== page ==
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If you want to do a startup in Asia, you should go live abroad first

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Granted, there’s plenty of griping in Asia about education systems and cultural barriers that prevent startup ecosystems from growing. In startup circles throughout Asia, you often hear things like “we have some good startups, but our ecosystem is so bad because of our education system and our environment.” The complaints are endemic. Sadly, there is a grain of truth to this that is worth looking into.

Jack Ma, one of Asia’s most celebrated tech entrepreneurs, was first introduced to and compelled by the internet on an extended trip he took to the United States, where he worked as an interpreter. It was this important exposure that drove him to launch a number of website projects which culminated in the eventual massive success of Alibaba. But Jack’s experience is not isolated. Littered across Asia’s tech landscape are hundreds and thousands of entrepreneurs who paid their dues in the West (usually the United States) before coming home to build their own startups.

Vietnam’s study-abroad startups

In the case of Vietnam, there’s a handful of startups that fit the same criteria as Jack Ma. The founders studied abroad and ended up coming home to start up. This isn’t a new trend. Vietnam’s most notable successes like VNG and Vat Gia both have founders who studied abroad before returning to Vietnam to start up. A new generation of startups like Greengar, Not A Basement Studio, and Ticketbox also follow suit.

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Why studying abroad is so powerful

Studying abroad has several benefits that you just won’t find at home. Institutions in the United States, the United Kingdom, and other developed nations top the world’s charts for best universities. As Jimmy Rim from K Cube Ventures mentioned to me at Startup Asia last week, “dropouts and graduates from top level universities make much better entrepreneurs than ones from lower end universities. The ecosystem shouldn’t be encouraging anyone to become entrepreneurs, it should be encouraging the top people to become entrepreneurs.” And where are the top universities? In the West.

Second, what happened with Jack Ma is also worth elaborating on. Silicon Valley is always at least a few years ahead of the rest of the world in terms of technology ideas and execution. It’s home to the most valuable technology companies and it’s a worldwide trendsetter. Exposure to what is happening in the Valley is a glimpse into the future of one’s own ecosystem. And although most Asian investors will firmly tell Asian entrepreneurs to “stop reading TechCrunch and start solving real problems in the local market,” there’s still something to be said for looking at what ideas are popping up in the Valley. Exposure is eye-opening.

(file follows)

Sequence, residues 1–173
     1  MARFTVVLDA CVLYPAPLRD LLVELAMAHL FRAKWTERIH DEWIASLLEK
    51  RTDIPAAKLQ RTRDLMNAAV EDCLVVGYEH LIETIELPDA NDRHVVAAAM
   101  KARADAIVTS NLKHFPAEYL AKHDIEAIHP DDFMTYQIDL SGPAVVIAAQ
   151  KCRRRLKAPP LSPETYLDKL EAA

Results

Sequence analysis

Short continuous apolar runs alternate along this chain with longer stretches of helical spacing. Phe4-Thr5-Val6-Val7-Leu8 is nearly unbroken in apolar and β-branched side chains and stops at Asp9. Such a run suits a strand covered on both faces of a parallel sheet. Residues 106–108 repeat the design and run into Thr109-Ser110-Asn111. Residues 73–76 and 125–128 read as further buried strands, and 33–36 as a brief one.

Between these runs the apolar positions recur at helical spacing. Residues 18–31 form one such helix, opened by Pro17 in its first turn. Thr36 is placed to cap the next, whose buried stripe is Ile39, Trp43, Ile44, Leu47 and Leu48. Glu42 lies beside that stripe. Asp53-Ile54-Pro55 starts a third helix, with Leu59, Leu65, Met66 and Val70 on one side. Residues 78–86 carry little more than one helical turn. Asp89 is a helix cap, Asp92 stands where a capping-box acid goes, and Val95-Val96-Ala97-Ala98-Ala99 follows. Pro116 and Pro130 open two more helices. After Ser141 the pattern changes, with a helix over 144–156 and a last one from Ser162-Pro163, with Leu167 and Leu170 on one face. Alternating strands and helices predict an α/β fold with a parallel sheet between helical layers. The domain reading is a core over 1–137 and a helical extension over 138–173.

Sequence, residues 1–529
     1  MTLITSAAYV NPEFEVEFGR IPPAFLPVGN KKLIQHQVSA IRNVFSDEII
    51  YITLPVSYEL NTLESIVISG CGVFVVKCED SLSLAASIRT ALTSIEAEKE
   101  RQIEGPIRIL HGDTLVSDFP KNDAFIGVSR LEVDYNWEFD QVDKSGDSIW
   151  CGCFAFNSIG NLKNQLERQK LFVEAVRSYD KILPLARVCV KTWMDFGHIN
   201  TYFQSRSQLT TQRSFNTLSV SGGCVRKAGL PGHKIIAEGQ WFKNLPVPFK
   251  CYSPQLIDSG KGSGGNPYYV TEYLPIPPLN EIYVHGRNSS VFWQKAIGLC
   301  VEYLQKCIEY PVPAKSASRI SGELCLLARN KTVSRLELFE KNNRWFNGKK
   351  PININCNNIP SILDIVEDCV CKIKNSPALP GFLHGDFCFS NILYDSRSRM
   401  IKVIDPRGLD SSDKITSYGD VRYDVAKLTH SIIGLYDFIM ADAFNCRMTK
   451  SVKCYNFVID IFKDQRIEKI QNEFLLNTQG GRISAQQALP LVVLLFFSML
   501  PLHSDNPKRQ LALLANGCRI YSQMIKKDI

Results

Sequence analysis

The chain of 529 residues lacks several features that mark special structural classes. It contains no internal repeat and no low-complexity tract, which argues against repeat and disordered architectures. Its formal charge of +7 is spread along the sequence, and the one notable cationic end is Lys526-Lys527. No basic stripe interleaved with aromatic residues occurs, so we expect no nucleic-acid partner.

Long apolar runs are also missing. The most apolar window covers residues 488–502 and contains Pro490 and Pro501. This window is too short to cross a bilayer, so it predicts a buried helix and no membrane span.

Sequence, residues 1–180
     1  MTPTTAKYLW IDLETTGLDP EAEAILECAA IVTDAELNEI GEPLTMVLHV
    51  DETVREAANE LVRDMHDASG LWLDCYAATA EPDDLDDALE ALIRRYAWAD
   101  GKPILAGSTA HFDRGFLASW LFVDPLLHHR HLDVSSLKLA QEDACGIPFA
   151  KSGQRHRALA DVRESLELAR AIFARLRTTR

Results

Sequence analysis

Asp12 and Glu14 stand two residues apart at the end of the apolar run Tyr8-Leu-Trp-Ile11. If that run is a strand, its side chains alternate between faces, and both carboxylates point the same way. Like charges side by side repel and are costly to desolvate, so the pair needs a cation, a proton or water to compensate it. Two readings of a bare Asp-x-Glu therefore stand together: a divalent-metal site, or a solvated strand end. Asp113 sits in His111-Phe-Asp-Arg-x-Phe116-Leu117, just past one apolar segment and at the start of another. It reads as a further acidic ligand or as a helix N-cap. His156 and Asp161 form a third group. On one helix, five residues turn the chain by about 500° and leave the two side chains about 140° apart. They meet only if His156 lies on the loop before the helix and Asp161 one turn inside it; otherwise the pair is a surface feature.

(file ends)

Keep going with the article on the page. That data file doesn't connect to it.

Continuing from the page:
Third, exposure doesn’t just clue potential entrepreneurs in on technology trends. It also allows people to self-reflect. This is huge. No doubt, most countries in Asia (with the exception of South Korea, Taiwan, Singapore, and Japan) are far behind the world’s developed countries in terms of infrastructure, economics, etc. This provides insight into one’s own economy. It allows an entrepreneur to see what holes a startup can fill.

Fourth, a feeling of inadequacy turns into entrepreneurialism. With the insights gained from the above, a potential entrepreneur can have a burning desire to fix what is wrong back home or fill in the market gaps. It’s with a sense of national pride (or shame) that these entrepreneurs go home to bring their country to the next level.

Fifth, a new sense of identity and place in the world. By simply being exposed to another world opens anyone up to the wider universe around them. It’s no longer just their home country of Vietnam or Thailand that is part of their identity, they are now lucky enough to have another perspective. That also means they understand their local market and culture better than foreigners trying to enter and locals that never left. They are endowed with a wider vision.

These factors and more build into making successful foreign-exposed entrepreneurs. It is no wonder that Loo Cheng Chuan of Singtel decided to live in the Silicon Valley for a year and brought back with him a host of tips for entrepreneurs in Asia. Jack Ma did the same thing.

Let’s step back for a second

Of course, this is not the only formula for success in Asia. There are plenty of startups that have founders who did not study abroad, but foreign exposure undeniably gives local startups an extra edge that their unexposed counterparts do not. Foreign-educated founders have a window into another world. They see what their country could be, they see what is behind, and what is ahead.

At the end of the day, it’s the truly prescient founders who are able to see directly into the future irrespective of their exposure, but that is a truly rare thing. Are you such a luminary? Even Jack Ma had to go abroad and Steve Jobs ran away to India. So get out of your home country for a change. It’ll open your eyes.

(Editing by Paul Bischoff)

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